First artificial starry sky in Jena
Sabrina Engert / History of Science and Technology
Photo: UniService Transfer

First artificial starry sky in Jena

Master's student Sabrina Engert on the first projection planetarium from the Carl-Zeiss company

In the summer of 1923, the first artificial starry sky shone in Jena. Ten years passed from the idea to the construction. There, mechanics, engineers, astronomers and physicists had worked on a special device with which the fixed starry sky could be shown. What was the groundbreaking idea?

Engert: First of all, the circumstances why this work was started: There had been mechanical planetariums for a long time, but they could only convey the dimensions of the solar system to a limited extent. Even mechanical planetariums that filled an entire room had difficulty conveying a lifelike impression of the universe. Here's an example: If the Earth were the size of a piece of candy and we wanted to represent the distance to the Sun true to scale, then the Sun would be about 180 meters away. If we then take the same scale for the outermost planet, Neptune, which is at a distance of about 4,687,000,000 kilometers from the Earth, Neptune would be about 5.7 kilometers away. This means 31.88 times the distance that the Sun and Earth are from each other, showing the difficulty of representing a scale model of the solar system alone. So Oskar von Miller, director of the Deutsches Museum in Munich, commissioned the idea at the time from Carl-Zeiss, the company primarily involved in optics. He already had the idea of a projection planetarium to overcome these very limitations, but needed help. In 1919, therefore, the idea was put forward by Dr. Walter Bauersfeld, a member of the Carl-Zeiss management. For this purpose, small projectors were to project the stars and planets onto a spherical wall in order to "imitate" the sky, so to speak.

On October 21, 1923, in preparation for the first German planetarium in Munich, the first artificial starry sky was demonstrated on site with an unprecedented projection. This was the beginning of the success story of the projection planetarium, which started regular operation in 1925. What can you show in such a projection, for example?

Engert: You could almost say that the success story began in the spring of 1923, when a first demonstration of the new technology took place in a temporary dome on the roof of Carl-Zeiss in Jena. News of the new sensation spread quickly. So even the mayor of Barmen at the time, Dr. Paul Hartmann, decided to see it for himself on site. In his speech at the opening of the Barmer Planetarium, he called it a "marvel of German technology. The projections today can show incredible things. Visitors to a planetarium can virtually travel through entire galaxies and leave our Milky Way. They can see different constellations and marvel at every planet in our solar system from the comfort of a chair. But the first projection apparatuses also showed amazing images of stars, the Milky Way and various constellations.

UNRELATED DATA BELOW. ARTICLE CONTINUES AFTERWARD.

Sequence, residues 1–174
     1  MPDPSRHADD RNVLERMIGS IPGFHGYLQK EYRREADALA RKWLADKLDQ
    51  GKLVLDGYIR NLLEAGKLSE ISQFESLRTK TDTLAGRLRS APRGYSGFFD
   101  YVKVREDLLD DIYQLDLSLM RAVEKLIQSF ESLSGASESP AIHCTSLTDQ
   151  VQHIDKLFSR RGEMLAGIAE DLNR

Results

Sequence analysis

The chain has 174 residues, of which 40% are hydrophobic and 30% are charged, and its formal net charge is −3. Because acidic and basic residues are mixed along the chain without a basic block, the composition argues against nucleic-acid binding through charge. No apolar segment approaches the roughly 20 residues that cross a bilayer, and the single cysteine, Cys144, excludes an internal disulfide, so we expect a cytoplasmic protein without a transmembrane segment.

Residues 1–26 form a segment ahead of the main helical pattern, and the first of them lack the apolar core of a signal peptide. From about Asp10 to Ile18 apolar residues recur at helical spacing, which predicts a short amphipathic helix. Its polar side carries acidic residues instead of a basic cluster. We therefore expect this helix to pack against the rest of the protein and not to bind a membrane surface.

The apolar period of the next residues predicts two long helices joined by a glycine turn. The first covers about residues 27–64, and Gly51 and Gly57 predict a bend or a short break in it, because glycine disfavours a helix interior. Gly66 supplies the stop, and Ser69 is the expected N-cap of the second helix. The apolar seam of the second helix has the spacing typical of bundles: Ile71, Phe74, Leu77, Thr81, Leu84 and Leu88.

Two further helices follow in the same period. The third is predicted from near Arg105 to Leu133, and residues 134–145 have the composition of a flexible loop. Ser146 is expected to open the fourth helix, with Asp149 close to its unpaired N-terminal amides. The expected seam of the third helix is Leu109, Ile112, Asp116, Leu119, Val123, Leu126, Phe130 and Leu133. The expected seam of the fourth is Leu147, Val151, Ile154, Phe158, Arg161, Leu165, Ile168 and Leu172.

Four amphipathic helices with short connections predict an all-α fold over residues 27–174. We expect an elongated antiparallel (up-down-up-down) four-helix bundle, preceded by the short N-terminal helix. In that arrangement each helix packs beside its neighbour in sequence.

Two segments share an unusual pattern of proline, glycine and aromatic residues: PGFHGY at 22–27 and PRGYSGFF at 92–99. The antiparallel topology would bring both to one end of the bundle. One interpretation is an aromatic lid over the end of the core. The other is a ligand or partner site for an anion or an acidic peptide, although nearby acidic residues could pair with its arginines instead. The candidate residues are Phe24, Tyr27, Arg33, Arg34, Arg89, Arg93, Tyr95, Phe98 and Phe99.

The Zeiss company from Jena received the order to build the Copernican Planetarium in Munich. Sometimes, however, people talk about Ptolemaic planetariums. What is the difference?

Engert: Essentially, these designations mark from which "point of view" the universe is viewed. Copernican planetariums owe their name to the idea of the heliocentric view of the world, i.e., the idea that the sun, not the earth, is at the center of the universe. When I enter a Copernican planetarium, I see just that, the sun and the planets in elliptical orbits around it. There is a huge Copernican planetarium in the German Museum in Munich. There I see the sun in the center and all planets orbiting around it. But this does not mean that a Ptolemaic planetarium has the earth in the center. There it concerns again the point of view, from which I regard that. However, if I am sitting or lying in a chair and looking up at the dome from my vantage point, then I am seeing the universe from the Earth, so to speak. It is quite important to emphasize that although today's optical planetariums are called Ptolemaic because we see everything from the Earth, so to speak, optical planetariums definitely follow the scientific standards and thus the heliocentric doctrine. So synonyms for the division into Copernican and Ptolemaic are heliocentric and geocentric.

How many stars can such a projector display?

Engert: The planetarium in Bochum, for example, has the Universairum IX model and speaks of 9,000 stars that the projector casts onto the dome. But besides the stars, the projectors also show the Milky Way, nebulae, galaxies, planets and so on.

After completion, the device was permanently installed in the German Museum in Munich as Model I in 1925. In the meantime one has arrived at model IX. In the course of digitalization, fiber optics can be used today to image the night sky just perfectly. For people from Wuppertal, the Zeiss Planetarium in Bochum is the easiest to reach. Have you ever been there?

Engert: Yes, very often. I've even seen some shows several times, simply because there's so much to learn and you also see the dimensions of the universe outside the Milky Way. For example, one program is called 'From the Big Bang to Humans` and it is very interesting because you can see visually how humans have evolved. There are even astronomy shows for children. Among others, the program "Fascinating Space" is recommended. By the way, the Galileum in Solingen, an observatory that is now a planetarium, has also been around for a few years and offers a wide range of events.

Uwe Blass Sabrina Engert works as a research assistant in the History of Science and Technology at the Faculty of Humanities and Cultural Studies at Bergische Universität.


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